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A Halloween Mystery – A Globe-trotting Weed and the Queen of the Gypsies

A weed growing next to a tombstone
Blue sedge, Carex breviculmis, near a tombstone at a cemetery in Meridian, Mississippi.

Quick, when you think of Halloween what usually comes to mind? Ghosts, black cats, mysterious graveyards? Too creepy? Well, it turns out that graveyards (also known as cemeteries) can be a pretty cool place… if you’re a scientist. In fact, one cemetery in Mississippi helped scientists figure out the globe-trotting journey of a restless plant.

You see graveyards can be a good place to scout for plant species, which is what Mississippi State University graduate student Lucas Majure was doing when he found an unknown sedge (a type of weed). He asked ARS botanist Charles Bryson, who keeps an eye out for new and potentially invasive plants, to help identify the mystery plant.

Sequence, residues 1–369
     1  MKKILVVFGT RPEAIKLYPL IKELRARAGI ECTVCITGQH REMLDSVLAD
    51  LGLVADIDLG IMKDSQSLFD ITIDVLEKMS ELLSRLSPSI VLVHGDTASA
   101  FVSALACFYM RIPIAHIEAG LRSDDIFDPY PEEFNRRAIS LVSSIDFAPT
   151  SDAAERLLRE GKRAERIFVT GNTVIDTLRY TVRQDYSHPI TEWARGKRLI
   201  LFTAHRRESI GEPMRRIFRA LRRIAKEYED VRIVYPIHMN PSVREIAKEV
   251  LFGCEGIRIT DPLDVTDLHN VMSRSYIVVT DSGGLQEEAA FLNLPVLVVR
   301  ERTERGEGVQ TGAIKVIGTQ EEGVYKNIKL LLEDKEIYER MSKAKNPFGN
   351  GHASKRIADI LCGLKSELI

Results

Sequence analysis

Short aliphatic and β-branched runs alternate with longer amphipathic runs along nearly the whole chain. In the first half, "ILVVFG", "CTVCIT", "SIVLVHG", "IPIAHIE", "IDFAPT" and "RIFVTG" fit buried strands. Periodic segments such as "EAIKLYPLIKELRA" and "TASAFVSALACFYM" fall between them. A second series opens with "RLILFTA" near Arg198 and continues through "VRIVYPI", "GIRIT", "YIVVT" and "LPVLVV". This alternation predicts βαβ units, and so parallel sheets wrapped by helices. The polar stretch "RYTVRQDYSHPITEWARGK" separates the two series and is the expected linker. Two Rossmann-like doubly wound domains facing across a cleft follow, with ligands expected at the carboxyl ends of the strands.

After several months of searching, Dr. Bryson was able to confirm that the plant was blue sedge, Carex breviculmis, a native of Asia and Australia and previously unknown in North America. So how did this strange weed end up in Mississippi?

Read "A Mississippi Graveyard - The Perfect Place for a Plant Mystery" to learn more.